Experts Find Untapped Potential Sources of Federal Funding to Address K-12 Students’ Social and Emotional Development
Contact: Libby Simmons
New review identifies 15 programs school districts can explore to support prevention activities such as anti-bullying, school safety, and social and emotional development.
WASHINGTON, DC – In response to increasing demands on school districts to address students’ social and emotional development, researchers from the George Washington University have identified 15 federal education programs that educators could explore to support universal prevention and social and emotional learning, while also promoting academic achievement.
Highly visible events of violence and bullying on school campuses have heightened interest in helping young people develop the skills to be resilient to trauma and to deal with everyday stressors. Universal prevention and social and emotional development programs help students learn to recognize and manage emotions, solve problems effectively, and establish positive relationships with others.
“By promoting the social and emotional development of every student, we can create safer school environments and support higher academic achievement,” said Dr. Olga Acosta Price, Director of the Center for Health and Health Care in Schools at the Milken Institute School of Public Health and a co-author of the guide. “The evidence-based programs are out there, but many school districts struggle to identify funding that would allow them to implement and sustain these effective approaches. We want to provide them with a roadmap.”
In partnership with the Center on Education Policy and with support from the Robert Wood Johnson Foundation, CHHCS published a user-friendly resource entitled “A Guide to Federal Education Funding that Can Support K-12 Universal Prevention and Social and Emotional Learning Activities.” Informed by the expert input of former U.S. Department of Education officials William Modzeleski and Dana Carr, the guide lists a host of potential funding opportunities authorized by the Elementary and Secondary Education Act of 1965 (ESEA). Examples of funds already appropriated and available were identified within the Safe and Drug-Free Schools and Communities Act, the Promise Neighborhoods program, and the Elementary and Secondary School Counseling program.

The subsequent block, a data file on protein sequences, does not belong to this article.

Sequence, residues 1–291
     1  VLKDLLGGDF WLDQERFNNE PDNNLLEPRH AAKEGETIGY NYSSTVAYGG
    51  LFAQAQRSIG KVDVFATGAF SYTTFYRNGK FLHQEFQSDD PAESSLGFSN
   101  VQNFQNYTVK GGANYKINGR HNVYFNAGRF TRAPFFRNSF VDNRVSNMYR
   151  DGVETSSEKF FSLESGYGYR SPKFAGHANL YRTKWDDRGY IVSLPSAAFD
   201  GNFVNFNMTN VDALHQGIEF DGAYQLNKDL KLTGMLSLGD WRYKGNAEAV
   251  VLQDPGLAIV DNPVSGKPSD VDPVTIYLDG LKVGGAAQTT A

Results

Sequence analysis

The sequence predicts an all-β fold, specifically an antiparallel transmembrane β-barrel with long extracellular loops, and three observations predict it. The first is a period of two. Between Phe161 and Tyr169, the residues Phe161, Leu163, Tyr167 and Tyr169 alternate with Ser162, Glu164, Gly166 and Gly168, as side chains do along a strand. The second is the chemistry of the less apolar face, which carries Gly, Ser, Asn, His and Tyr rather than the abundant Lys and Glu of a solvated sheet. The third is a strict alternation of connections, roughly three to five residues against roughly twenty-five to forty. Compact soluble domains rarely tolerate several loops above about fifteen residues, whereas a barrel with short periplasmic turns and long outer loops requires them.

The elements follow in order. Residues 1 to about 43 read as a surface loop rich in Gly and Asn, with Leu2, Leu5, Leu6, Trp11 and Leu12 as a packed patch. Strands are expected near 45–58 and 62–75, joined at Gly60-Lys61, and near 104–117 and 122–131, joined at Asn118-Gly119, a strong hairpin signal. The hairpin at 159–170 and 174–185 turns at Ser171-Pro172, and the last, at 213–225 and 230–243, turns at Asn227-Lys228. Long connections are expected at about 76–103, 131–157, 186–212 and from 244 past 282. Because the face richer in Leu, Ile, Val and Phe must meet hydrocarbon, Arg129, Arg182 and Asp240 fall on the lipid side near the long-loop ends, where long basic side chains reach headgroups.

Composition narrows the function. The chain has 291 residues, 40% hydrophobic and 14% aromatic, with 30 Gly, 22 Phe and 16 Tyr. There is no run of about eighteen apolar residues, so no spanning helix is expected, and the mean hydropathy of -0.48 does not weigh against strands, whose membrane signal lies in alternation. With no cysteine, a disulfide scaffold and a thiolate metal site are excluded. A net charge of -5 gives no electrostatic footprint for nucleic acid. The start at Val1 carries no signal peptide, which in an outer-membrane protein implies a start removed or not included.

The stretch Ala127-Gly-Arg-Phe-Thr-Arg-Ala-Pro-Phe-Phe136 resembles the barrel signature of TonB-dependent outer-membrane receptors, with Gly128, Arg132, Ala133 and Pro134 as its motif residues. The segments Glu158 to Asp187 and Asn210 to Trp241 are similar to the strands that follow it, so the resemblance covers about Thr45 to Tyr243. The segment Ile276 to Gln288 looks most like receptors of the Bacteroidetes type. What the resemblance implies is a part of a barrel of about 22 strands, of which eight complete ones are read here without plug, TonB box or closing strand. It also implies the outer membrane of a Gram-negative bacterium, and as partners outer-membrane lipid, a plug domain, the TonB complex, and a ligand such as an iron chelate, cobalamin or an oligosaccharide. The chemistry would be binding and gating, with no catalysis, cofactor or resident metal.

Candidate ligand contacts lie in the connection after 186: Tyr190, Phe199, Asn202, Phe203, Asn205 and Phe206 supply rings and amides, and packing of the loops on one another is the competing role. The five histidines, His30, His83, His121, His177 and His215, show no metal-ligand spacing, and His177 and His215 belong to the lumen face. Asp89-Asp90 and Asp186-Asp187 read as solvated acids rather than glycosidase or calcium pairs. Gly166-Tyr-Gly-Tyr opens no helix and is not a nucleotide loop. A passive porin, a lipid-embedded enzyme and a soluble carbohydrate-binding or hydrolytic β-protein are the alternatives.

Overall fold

“Many school district administrators are unaware that a number of U.S. Department of Education programs allow funds to be used to support students’ mental wellbeing,” explained Diane Rentner, Deputy Director of the Center on Education Policy and a co-author of the guide. “School districts need to pursue multiple complimentary funding strategies that build towards a common vision to meet students’ social and emotional development needs.”
The guide also identifies local schools, school districts, and state education agencies that have successfully supported their prevention programs with federal education dollars, such as Carthage Central School District located near Fort Drum Army Base in New York. Through afterschool programs, the highly transient student body is provided with counseling services and life skills coaching, including a family assistance coordinator specifically designated to work with military families. In addition, the 21st Century Community Learning Center at Carthage provides opportunities for credit recovery to students who may have fallen behind due to their multiple relocations from state to state.
Additionally, CHHCS has released an annotated bibliography of significant research regarding the impacts of school-based behavioral and emotional health interventions on student academic performance. “Studies show that students who received a behavioral health intervention exhibited greater academic motivation and commitment to school,” Dr. Price noted. “School-wide interventions correlated with fewer reports of violence, bullying and problem behaviors.”
Educators and school administrators are encouraged to register via the CHHCS website for an upcoming webinar with the authors to learn more about the identified funding opportunities.
About the Center for Health and Health Care in Schools
The Center for Health and Health Care in Schools is a nonpartisan resource center at the Milken Institute School of Public Health at the George Washington University that builds on a 20-year commitment to achieve better health outcomes for children and adolescents through school-connected health programs and services. CHHCS’s web site, www.healthinschools.org, provides up-to-date information for health professionals, educators, funders, and families to assist in promoting the health of children through school-connected programs.
About the Center on Education Policy
Based in Washington, D.C., and founded in 1995 by Jack Jennings, the Center on Education Policy at the George Washington University is a national advocate for public education and for more effective public schools. The Center works to help Americans better understand the role of public education in a democracy and the need to improve the academic quality of public schools. The Center does not represent special interests. Instead, it helps citizens make sense of conflicting opinions and perceptions about public education and create conditions that will lead to better public schools. Visit CEP’s homepage for more information: www.cep-dc.org.
About the Robert Wood Johnson Foundation
For more than 40 years the Robert Wood Johnson Foundation has worked to improve the health and health care of all Americans. It is striving to build a national culture of health that will enable all Americans to live longer, healthier lives now and for generations to come. For more information, visit www.rwjf.org. Follow the Foundation on Twitter at www.rwjf.org/twitter or on Facebook at www.rwjf.org/facebook.
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